New York, USA
25 October 1890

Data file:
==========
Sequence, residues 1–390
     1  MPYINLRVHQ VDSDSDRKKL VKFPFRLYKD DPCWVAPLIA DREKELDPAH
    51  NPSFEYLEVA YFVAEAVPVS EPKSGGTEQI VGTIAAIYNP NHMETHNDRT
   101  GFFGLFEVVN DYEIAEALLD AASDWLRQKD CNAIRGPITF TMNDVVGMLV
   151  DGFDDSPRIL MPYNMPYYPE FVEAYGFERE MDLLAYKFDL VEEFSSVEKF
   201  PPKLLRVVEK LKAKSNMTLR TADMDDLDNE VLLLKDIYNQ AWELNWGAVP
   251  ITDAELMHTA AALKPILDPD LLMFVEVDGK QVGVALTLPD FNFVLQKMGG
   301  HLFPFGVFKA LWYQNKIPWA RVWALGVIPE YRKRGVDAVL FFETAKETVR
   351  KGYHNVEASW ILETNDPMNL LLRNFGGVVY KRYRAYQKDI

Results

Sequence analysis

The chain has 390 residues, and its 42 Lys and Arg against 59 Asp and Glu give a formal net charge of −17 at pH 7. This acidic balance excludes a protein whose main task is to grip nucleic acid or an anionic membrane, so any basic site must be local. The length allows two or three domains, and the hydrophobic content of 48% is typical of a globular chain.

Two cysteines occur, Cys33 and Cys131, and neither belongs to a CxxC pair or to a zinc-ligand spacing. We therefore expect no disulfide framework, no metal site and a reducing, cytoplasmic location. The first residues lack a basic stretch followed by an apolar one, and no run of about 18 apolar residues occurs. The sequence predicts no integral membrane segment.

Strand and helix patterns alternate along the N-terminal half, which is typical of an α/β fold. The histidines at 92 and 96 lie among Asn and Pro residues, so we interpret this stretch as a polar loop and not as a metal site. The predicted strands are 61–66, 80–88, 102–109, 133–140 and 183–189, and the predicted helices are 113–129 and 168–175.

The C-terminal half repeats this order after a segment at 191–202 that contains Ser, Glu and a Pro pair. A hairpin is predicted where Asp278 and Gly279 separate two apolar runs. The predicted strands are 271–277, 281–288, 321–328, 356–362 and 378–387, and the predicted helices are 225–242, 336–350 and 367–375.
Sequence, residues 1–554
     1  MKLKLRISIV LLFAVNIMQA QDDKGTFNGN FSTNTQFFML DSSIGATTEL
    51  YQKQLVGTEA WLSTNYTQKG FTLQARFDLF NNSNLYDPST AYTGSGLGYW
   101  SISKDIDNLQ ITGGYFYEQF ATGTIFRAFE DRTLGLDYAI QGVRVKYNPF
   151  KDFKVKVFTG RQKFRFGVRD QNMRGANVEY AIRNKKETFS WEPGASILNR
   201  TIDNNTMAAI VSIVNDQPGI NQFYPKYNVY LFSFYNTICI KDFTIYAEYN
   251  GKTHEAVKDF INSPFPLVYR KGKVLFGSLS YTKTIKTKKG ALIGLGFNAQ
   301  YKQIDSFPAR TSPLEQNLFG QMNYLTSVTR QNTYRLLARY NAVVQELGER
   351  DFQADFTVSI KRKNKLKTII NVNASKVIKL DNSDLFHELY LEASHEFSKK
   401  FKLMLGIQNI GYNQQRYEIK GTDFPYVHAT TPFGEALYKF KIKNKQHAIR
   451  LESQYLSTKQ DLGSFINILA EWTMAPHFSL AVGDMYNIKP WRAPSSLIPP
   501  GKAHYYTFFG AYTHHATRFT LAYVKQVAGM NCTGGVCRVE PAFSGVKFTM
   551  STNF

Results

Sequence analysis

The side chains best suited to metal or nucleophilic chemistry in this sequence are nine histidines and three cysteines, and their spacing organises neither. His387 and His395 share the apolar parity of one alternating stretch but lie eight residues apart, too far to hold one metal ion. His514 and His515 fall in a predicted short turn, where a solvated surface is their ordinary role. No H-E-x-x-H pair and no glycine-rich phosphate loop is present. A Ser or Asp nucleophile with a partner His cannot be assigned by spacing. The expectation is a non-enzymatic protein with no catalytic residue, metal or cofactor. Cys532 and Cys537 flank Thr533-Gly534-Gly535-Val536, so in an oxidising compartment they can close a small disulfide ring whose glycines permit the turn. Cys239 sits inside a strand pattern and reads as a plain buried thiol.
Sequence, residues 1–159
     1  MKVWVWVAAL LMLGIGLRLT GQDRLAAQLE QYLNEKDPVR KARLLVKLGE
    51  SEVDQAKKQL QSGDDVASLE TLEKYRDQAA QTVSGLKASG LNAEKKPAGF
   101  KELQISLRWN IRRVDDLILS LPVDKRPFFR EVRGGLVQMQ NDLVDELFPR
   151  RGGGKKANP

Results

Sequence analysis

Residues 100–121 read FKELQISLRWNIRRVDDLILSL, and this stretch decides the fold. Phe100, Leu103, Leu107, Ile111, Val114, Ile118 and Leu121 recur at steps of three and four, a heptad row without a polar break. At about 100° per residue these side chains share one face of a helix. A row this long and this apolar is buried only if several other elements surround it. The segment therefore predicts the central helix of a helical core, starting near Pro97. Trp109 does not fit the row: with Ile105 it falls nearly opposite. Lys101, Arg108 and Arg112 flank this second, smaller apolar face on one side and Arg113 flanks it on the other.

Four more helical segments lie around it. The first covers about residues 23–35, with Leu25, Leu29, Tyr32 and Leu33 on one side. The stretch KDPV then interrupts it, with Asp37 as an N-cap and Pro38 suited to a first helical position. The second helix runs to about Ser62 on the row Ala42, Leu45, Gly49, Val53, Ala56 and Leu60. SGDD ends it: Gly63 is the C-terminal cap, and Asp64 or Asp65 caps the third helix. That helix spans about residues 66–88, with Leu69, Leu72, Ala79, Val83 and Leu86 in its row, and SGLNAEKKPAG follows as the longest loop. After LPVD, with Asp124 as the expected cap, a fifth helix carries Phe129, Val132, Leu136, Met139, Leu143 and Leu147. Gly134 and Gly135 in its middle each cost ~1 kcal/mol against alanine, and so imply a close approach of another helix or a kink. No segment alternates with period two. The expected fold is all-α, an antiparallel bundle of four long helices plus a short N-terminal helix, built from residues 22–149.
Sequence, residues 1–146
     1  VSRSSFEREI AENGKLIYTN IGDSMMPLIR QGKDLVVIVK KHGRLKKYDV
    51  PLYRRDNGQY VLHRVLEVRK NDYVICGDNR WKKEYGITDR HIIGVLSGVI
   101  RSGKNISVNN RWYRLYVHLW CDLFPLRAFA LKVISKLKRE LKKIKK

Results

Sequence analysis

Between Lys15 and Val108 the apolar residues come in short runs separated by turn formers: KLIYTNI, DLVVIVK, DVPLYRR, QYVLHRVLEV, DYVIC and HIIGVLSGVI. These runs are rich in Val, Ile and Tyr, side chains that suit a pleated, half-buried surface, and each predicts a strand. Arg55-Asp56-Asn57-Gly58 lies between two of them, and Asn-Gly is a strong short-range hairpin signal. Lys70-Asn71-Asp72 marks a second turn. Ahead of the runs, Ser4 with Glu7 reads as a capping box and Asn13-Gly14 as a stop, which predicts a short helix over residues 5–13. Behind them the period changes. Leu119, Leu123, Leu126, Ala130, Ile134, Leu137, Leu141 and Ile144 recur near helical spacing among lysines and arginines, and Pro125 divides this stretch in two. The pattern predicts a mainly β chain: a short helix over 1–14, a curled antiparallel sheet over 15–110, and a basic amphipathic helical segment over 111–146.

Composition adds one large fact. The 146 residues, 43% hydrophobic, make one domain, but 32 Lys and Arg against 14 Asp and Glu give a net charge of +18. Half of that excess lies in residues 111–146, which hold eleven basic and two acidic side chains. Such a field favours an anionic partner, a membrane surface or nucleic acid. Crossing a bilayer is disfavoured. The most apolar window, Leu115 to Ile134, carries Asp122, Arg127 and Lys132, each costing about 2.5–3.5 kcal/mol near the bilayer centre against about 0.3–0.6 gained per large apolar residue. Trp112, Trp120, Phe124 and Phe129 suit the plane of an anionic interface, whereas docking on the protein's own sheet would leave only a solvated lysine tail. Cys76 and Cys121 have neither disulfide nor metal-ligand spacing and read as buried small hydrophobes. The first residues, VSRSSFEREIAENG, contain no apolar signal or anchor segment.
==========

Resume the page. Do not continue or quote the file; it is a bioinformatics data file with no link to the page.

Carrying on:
The condition of the body of the woman found at South Hampstead indicates that her murder was the most fiendish of any that has occurred since Jack the Ripper's horrible Whitechapel series. The character of the wounds clearly establishes the fact that the woman was stabbed by some one behind her, after which her prostrate body was hacked and slashed almost into pieces. The scene of the crime is a lonely part of a section haunted by the lowest class of abandoned women. It is supposed to be frequently patrolled by the police, but the constables, themselves, admit that they perform that duty with feelings of trepidation, and the suspicion arises that their visits are not so often made as they ought to be. The belief is general that the murder is the work of the "Ripper", who has changed the scene of his crimes in order to baffle the police. The police are tracking a man who was seen to enter a hansom cab near the place where the body was found and drive away at a furious pace, and are confident that they will yet run him down. The inhabitants in the vicinity of the scene of the murder are intensely excited over the affair and remain indoors as much as possible. The woman did not belong to the Whitechapel class.